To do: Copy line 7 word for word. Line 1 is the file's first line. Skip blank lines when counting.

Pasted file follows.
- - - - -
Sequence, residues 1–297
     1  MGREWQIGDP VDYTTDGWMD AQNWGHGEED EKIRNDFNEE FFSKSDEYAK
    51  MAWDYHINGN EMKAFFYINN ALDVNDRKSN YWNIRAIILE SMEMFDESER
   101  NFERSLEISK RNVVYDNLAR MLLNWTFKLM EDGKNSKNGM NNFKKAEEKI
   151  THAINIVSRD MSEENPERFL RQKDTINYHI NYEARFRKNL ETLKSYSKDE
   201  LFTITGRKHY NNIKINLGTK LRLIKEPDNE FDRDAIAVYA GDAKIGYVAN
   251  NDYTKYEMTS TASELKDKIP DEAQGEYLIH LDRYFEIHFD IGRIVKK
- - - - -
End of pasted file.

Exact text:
   251  NDYTKYEMTS TASELKDKIP DEAQGEYLIH LDRYFEIHFD IGRIVKK